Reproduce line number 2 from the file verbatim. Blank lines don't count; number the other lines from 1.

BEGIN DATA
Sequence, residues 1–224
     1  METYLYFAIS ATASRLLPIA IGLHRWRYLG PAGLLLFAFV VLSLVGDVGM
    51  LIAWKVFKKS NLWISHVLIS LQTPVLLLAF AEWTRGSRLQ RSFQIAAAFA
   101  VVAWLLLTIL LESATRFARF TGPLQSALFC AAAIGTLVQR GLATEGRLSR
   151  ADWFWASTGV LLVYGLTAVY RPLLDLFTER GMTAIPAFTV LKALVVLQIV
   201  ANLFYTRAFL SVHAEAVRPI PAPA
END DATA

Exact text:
     1  METYLYFAIS ATASRLLPIA IGLHRWRYLG PAGLLLFAFV VLSLVGDVGM